I'm not joking. I get the feeling that too much is going on for you at stopping event itself. Stopping is part of the flow of riding, and likewise you should be looking up and thinking about what you need to be doing well ahead of the actual moment you touch the brake levers.
 

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In addition to the above suggestions, have you tried to move the backrest all the way forward? It is adjustable and if you can move up toward the front of the seat you may pick up a little bit of legroom, and getting some boots with thicker soles will give you a bit more.
 

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Wasquid has a good MSF point. Sometimes we forget the basics!

In the MSF course we were taught to always stop with the left foot down, so the right foot can hold the rear brake pedal. As was pointed out before, (Wyldman I think) you now have 2 options for every stop - choose the closer reach.

Another thing we learned back in basic was that the front brake, while providing much greater stopping force, it also causes front end dive and loss of some steering control. If you aren't set up squarely when you come to a stop, you will tend to fall over AS you stop. Focus on staying vertical, until you have come to a stop. A trick I used on my Nomad was to tweak the handlebars to the left just a skosh in the last 3-6" of travel as I came to a stop. This caused a miniscule lean to the left so that I was never left wobbling not knowing which foot would be needed.

The 3-stage stopping on the Burgman is a little weird - but that's why they make church parking lots! From infinity down to about 15 seems to be a fairly restrained engine braking effect. At something below 15 it increases dramatically and if you are already on the brakes it may be extreme, then it eases up to a coast and that is where you have to be relaxed and focused to ease to a stop "in the box."

Too much rambling, but it is helping to clear my mind. :wink: I hope it might give you some food for thought.
 

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I used to have problems stopping when I was learning to ride. My MAIN problem was that I was worried about stopping and not dropping the bike. A wise mentor (my husband) insisted that I keep my eyes looking straight ahead ...do not look down or you will increase the odds of going down... I soon began making smooth, balanced stops. Also, on a taller bike I had, I would scoot forward in the seat as I was approaching the stop, which gave me more leg to reach the ground, keep my eyes looking straight ahead (which is very important for keeping the bike balanced), when almost stopped I put my left foot down and finish the stop. Pretty soon you can make a good stop without thinking about it.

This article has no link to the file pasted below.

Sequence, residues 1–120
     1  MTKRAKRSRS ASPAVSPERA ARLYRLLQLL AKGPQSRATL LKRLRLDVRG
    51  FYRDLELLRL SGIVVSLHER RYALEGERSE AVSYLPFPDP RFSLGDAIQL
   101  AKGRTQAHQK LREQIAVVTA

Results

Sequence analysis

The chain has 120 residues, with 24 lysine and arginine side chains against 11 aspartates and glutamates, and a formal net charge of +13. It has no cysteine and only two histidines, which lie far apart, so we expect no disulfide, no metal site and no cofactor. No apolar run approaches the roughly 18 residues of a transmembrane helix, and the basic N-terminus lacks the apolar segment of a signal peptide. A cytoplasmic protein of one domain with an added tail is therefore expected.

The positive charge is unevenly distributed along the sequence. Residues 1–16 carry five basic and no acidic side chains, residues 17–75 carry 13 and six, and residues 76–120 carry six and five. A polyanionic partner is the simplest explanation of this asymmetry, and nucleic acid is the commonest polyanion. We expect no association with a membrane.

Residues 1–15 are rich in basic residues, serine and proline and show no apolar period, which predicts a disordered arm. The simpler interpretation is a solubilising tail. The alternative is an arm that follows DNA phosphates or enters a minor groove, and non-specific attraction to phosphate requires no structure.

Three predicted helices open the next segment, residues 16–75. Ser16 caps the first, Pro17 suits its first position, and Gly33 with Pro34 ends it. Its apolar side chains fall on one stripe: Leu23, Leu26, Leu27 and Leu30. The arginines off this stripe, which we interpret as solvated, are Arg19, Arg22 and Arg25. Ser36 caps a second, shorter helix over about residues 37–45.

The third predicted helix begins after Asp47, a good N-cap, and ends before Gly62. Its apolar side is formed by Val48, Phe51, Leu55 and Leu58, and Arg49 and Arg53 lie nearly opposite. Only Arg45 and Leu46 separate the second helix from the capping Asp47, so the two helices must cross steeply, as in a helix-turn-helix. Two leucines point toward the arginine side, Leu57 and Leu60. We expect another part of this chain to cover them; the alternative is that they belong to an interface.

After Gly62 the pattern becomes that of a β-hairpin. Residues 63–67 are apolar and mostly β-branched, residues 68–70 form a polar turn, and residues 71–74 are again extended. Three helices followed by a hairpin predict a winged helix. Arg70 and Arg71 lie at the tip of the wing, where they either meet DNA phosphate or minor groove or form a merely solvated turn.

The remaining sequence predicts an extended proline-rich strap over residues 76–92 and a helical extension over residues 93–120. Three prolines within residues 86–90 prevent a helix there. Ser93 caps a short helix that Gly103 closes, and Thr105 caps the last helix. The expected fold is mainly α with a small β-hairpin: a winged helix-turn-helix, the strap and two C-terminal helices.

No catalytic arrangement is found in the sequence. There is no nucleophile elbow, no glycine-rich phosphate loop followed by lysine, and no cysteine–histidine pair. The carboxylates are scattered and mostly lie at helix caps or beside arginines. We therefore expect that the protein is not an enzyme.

I have had my Burgie two weeks now, and I am still getting used to making good stops. I too am finding that I get stopped short of the stop sign/light and then have to coast forward sometimes. But it is getting better. I would suggest you take the advice on this thread, go to a parking lot and practice, practice, practice, until you get used to making good stops (Hmmmmmmmm, sounds like I should take my OWN good advice!!!!)

Don't give up on the 650 too soon. It is an amazing bike.
 

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I think that the most of your stopping problem is that you just haven't yet learned the correct technique for the B650. What works for me, as I'm approaching a stop, I coast down, using the both brakes gently to about 10 or 12 MPH. Then I let go of the front brake, roll the throttle on slightly, enough to keep the clutch engaged, controlling the speed with just the rear brake. I keep my view straight ahead and well above car height so I can see down the street a ways. After, or just at a full stop, I put my left foot down and then shut off the throttle. I can maintain an upright position with both feet up with no problem, as long as the throttle is on slightly with the clutch engaged and the engine trying to pull forward, just slightly. It didn't take more that 2 or 3 stops to learn this trick.
 

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The "EYES" responses have it.

All Bikes will go exactly where your eyes are focused. Scanning, breaking, stopping, leaning at speed, slow speed turns, etc. Makes no difference.

Keep your eyes horizontal with and looking up at the horizon at all times, focused on where you want to go. If you are focusing on that white "stop stripe", the bike will "go there" also, as you have experienced.

I know its counter-intuitive. Takes lots of practice. Speaking to yourself out loud as you ride "LOOK UP" "EYES LEVEL" "LOOK WHERE YOU WANT TO GO" over and over. I still catch myself screwing it up once in a while

Keep practicing and you will get it. Try to be a little more gentle on the brake levers. They like a "slow hand" BTW so does the throttle.

Bill
 

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Wes, I will try your suggestion. Haven't tried using the rear brake and the throttle at the same time. Sounds like that may be a good technique to learn for slow speed stuff. I have been putting the bike into 1st gear manual for slow speed u-turns etc. to keep from twitching the throttle too much. That seems to work, but your suggestion seems like it might be a good one to learn.

Love the automatic transmission! I once swore that I would never want a scooter because I enjoy shifting through the gears. It took only one or two rides and I wasn't missing the shifting at all.
 

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I tell my buds that now that I've become accustomed to being shiftless, I wouldn't want to go back to grinding gears. I don't think they quite get it though.
 

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All the above advice seems to be the best around.
Your having problems with the most basic of all riding "drills" I will ditto something said , go take the MSF course before you have to many bad habits to correct.
If you have taken it I would take it again, if for any reason you can't then you need to find an empty parking lot, and maybe a friend who knows a little something about riding.
The problem is not learning how to stop, you will eventually get it.
The problem is all the bad habits you may pick up learning.